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Reed v. Reed, 1971, 404 U.S. 71, 75-76, 92 S.Ct. 251, 254, 30 L.Ed.2d 225, 229. To pass constitutional muster a legislative classification must bear some rational relationship to legitimate state purposes or governmental interests. United States Department of Agriculture v. Moreno, 1973, 413 U.S. 528, 93 S.Ct. 2821, 37 L.Ed.2d 782, 787; San Antonio Independant School District v. Rodriguez, 1973, 411 U.S. 1, 40, 93 S.Ct. 1278, 36 L.Ed.2d 16, 47; Weber v. Aetna Casualty & Surety Co., 1972, 406 U.S. 164, 172, 92 S.Ct. 1400, 31 L.Ed.2d 768, 777.4


Although the portions of the El Paso charter cited to us by the parties contain no explicit statement of purpose, the statutory objectives are hardly mysterious given the long-standing, widespread existence of veterans' preference legislation at all levels of government. Indeed, 'it is apparent to anyone who has lived through periods of war that contrived explanations are not necessary.' August v. Bronstein, supra note 4, 369 F.Supp. at 193. Historically veterans' preference laws have been directed to three principal objectives: (1) to recognize that the experience, discipline, and loyalty that veterans gain in military service are conducive to the better performance of public duties; (2) to encourage citizens to serve their country in time of war and to reward those who, either involuntarily or through enlistment, did so; and (3) to aid in the rehabilitation and location of the veteran whose normal life style has been disrupted by military service. Russell v. Hodges, 2 Cir. 1972, 470 F.2d 212, 218; White v. Gates, 102 U.S.App.D.C. 346, 253 F.2d 868, cert. denied, 1958, 356 U.S. 973, 2 L.Ed.2d 1147; Feinerman v. Jones, supra note 4, 356 F.Supp. at 259; Koelfgen v. Jackson, supra note 4, 355 F.Supp. at 253; Stevens v. Campbell, supra note 4, 332 F.Supp. at 106.


Appellants do not really challenge the propriety of any of these objectives, and in any event the decisions cited above-- as well as the plethora of cases on which they rely-- amply demonstrate that the legitimacy of the governmental interest in veterans preference legislation is beyond serious judicial dispute. Appellants' dissatisfaction with the El Paso scheme seems to be, rather, that the preference accorded to veterans is simply too great. To some extent appellants appear to be simply questioning the desirability of what is in effect a permanent promotional advantage for veterans in the civil service. We remind them that given a legitimate legislative end, this Court does not ordinarily sit to evaluate the wisdom of particular statutory means; that task is assigned to others in our system of government.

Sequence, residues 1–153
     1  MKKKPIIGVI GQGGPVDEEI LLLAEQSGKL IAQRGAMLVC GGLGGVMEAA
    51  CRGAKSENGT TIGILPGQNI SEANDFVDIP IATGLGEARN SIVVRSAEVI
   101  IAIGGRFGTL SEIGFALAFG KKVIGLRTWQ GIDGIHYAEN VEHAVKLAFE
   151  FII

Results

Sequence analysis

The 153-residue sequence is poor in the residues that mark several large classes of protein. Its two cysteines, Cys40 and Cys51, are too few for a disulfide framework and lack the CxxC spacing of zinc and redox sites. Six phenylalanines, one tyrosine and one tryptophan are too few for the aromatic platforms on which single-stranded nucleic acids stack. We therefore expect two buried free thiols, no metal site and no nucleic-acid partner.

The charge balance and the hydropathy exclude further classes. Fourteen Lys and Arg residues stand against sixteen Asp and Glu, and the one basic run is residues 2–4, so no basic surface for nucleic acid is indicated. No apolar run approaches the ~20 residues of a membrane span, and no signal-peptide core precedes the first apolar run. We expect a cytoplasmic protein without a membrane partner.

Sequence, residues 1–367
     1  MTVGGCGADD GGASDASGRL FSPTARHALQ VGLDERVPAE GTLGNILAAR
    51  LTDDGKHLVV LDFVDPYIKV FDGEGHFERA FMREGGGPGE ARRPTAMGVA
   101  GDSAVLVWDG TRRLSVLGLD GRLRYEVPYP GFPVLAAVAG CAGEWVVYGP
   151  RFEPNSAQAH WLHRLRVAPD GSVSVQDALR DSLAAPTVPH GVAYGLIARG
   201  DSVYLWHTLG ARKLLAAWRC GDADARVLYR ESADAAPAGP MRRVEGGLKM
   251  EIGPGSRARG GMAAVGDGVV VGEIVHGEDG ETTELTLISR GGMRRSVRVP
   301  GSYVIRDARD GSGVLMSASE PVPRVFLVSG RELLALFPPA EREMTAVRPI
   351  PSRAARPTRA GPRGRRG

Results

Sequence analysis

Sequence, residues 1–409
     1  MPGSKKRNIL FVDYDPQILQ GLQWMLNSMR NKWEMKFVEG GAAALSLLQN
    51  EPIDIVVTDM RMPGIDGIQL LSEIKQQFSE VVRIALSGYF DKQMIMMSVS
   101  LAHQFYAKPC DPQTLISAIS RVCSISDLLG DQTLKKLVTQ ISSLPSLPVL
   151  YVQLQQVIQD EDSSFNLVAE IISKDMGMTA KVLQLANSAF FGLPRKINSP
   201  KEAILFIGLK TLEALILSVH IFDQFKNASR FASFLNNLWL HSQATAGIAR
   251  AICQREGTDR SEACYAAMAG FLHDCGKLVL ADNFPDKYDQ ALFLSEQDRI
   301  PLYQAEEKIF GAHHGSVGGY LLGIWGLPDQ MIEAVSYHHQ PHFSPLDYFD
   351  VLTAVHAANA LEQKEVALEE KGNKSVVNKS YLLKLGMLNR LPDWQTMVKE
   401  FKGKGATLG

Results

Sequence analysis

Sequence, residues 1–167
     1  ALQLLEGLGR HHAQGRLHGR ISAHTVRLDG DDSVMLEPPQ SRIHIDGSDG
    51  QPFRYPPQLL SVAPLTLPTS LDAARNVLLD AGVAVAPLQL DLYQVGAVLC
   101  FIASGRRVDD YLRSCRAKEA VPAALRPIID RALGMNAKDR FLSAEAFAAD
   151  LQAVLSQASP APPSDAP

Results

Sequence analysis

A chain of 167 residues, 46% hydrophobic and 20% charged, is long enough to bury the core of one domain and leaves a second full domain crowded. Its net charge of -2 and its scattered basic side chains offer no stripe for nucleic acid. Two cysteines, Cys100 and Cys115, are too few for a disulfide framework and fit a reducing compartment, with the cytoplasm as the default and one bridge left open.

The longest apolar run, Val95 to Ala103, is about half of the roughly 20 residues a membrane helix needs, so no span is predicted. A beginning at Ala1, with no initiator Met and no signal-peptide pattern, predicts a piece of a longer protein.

Appellants also challenge the placement of the line dividing those civil servants who are eligible for the promotional preference points from those who are ineligible. Understandably enough, the operative word in the El Paso ordinance is 'veteran.' It can hardly be debated that insofar as the statutory classification has the effect of limiting the preference to those who are in fact veterans, it makes no irrational, impermissible distinctions. Russell v. Hodges, supra, 470 F.2d at 218.5 The El Paso ordinance, however, goes several steps further, for it is perfectly explicit that not all those who have served in the military qualify as 'veterans.' In the first place, one must be a veteran of a war fought by the United States and must have received an honorable discharge from the service. Beyond that, one must have 'rendered actual field duty' for a certain period of time, which varies depending on whether the service included duty overseas. As we have already indicated, appellants do not quarrel with the differential treatment accorded military alumni on examinations for original appointment in the civil service. Thus, the thrust of their equal protection argument is that the criteria used to identify the recipients of the promotional preference distinguish among those with prior military service in a manner which is unreasonable, arbitrary, and capricious given the size of the advantage granted.6


We find ourselves unable to accept appellants' position. We do not necessarily disagree with the proposition implicit in appellants' argument-- that a classification may be rational and reasonable at one level of preferential treatment but irrational and arbitrary when the advantage granted is much stronger. But this is not such a case. The promotional preference provided under the El Paso scheme is certainly quite extraordinary, see Koelfgen v. Jackson, supra, 355 F.Supp. at 253, and we recognize that it may be unfair to withhold that preference from those with prior military service who for some reason do not meet all the qualifications outlined in the statutory definition of a veteran. Nonetheless, we are unwilling to conclude that the decision of El Paso to draw the qualifying line where it did is arbitrary, capricious, or unreasonable.